The Village Voice Art Columns, 1985–1988
Distributed for Semiotext(e)
Gary Indiana's collected columns of art criticism from the Village Voice, documenting, from the front lines, the 1980s New York art scene.
In 1985, the Village Voice offered me a job as senior art critic. This made my life easier and lousy at the same time. I now had to actually enter all those galleries instead of peeking in the windows. At times, the only tangible perk was having the chump for a fifth of vodka whenever twenty more phonies had flattered my ass off in the course of a working week.—from Vile Days
From March 1985 through June 1988 in The Village Voice, Gary Indiana reimagined the weekly art column. Thirty years later, Vile Days brings together for the first time all of those vivid dispatches, too long stuck in archival limbo, so that the fire of Indiana's observations can burn again. In the midst of Reaganism, the grim toll of AIDS, and the frequent jingoism of postmodern theory, Indiana found a way to be the moment's Baudelaire. He turned the art review into a chronicle of life under siege.
As a critic, Indiana combines his novelistic and theatrical gifts with a startling political acumen to assess art and the unruly environments that give it context. No one was better positioned to elucidate the work of key artists at crucial junctures of their early careers, from Sherrie Levine and Richard Prince to Jeff Koons and Cindy Sherman, among others. But Indiana also remained alert to the aesthetic consequence of sumo wrestling, flower shows, public art, corporate galleries, and furniture design. Edited and prefaced by Bruce Hainley, with an afterword by Tobi Haslett, Vile Days provides an opportunity to track Indiana's emergence as one of the most prescient writers of his generation.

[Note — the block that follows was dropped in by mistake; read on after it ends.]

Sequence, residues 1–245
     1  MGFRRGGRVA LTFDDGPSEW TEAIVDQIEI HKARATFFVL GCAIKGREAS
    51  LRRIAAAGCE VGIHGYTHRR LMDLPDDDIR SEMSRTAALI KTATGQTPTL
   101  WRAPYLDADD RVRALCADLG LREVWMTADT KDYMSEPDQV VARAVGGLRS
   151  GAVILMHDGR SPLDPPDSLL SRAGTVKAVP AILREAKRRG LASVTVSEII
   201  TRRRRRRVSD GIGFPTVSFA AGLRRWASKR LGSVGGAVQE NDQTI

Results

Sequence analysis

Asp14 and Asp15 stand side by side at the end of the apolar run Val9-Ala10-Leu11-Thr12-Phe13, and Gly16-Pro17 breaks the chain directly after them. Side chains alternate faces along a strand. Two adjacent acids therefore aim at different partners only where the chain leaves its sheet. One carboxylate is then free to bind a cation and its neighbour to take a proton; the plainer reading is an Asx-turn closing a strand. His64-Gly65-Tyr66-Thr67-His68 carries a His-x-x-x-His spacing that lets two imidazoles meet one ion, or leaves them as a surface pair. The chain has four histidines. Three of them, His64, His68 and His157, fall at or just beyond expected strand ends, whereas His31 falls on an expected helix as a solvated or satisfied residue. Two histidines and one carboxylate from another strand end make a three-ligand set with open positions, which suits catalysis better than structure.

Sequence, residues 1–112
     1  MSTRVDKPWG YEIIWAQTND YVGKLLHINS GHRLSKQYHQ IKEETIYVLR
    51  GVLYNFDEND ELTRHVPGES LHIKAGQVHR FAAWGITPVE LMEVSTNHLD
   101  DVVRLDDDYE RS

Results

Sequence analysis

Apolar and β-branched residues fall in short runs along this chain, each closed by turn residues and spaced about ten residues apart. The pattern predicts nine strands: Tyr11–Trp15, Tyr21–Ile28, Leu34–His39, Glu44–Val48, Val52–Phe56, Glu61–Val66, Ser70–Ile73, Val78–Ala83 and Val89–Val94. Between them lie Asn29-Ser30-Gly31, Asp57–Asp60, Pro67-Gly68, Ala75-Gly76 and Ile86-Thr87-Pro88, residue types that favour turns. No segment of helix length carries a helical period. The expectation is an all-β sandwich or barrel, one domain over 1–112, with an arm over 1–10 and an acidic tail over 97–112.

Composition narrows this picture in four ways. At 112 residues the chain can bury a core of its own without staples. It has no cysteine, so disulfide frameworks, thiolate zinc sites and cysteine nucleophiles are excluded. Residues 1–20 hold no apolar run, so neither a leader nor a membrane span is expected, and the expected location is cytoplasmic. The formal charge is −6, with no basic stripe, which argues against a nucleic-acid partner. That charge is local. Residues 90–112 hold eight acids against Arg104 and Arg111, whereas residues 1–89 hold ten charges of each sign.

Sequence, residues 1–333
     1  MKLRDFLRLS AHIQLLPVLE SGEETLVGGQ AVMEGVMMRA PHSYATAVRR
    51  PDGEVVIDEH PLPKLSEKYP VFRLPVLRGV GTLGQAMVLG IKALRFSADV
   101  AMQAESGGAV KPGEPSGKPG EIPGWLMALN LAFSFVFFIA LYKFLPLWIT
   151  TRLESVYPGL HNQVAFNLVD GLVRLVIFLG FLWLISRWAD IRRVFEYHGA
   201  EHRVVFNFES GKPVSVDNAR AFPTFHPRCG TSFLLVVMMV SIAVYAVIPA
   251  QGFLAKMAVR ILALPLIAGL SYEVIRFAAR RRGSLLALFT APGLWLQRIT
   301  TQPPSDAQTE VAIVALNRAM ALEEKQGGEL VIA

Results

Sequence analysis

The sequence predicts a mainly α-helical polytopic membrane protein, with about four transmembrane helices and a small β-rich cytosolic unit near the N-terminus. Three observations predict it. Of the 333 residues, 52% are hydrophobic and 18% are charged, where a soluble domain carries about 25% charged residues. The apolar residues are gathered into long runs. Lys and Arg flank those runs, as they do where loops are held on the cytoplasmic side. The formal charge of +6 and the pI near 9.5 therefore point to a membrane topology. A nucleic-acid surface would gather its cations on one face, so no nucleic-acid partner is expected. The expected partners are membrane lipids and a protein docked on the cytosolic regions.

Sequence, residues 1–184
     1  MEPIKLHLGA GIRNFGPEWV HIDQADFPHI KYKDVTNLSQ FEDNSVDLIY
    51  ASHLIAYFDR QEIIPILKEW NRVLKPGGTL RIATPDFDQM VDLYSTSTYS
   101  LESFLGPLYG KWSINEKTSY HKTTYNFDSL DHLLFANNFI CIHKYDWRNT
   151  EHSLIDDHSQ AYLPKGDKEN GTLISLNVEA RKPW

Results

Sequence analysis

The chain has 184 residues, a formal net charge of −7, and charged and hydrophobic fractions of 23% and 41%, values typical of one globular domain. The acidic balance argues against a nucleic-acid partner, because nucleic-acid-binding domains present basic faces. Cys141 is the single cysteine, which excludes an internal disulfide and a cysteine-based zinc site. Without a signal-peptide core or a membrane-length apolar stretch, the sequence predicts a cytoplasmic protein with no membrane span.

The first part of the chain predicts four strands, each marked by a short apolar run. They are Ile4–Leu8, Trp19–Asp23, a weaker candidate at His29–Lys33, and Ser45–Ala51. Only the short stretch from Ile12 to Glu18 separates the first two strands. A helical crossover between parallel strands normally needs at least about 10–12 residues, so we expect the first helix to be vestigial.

Hardcover$29.95 T | £24.00 ISBN: 9781635900378 600 pp. | 6 in x 9 in
As well as offering shrewd judgments of artists whose stature has only grown since—Indiana can be equally fervent and persuasive in his analyses of the brilliant, the charlatans, and all those in between—he frequently used the column as a space for experimentation, both formal and philosophical. An intellectual with a precise sense of history, he nonetheless writes with a quality he ascribes to Kathy Acker in one of the articles here: “a liberating, combative irreverence and glee” that puts many other critics to shame.
A thought-provoking read.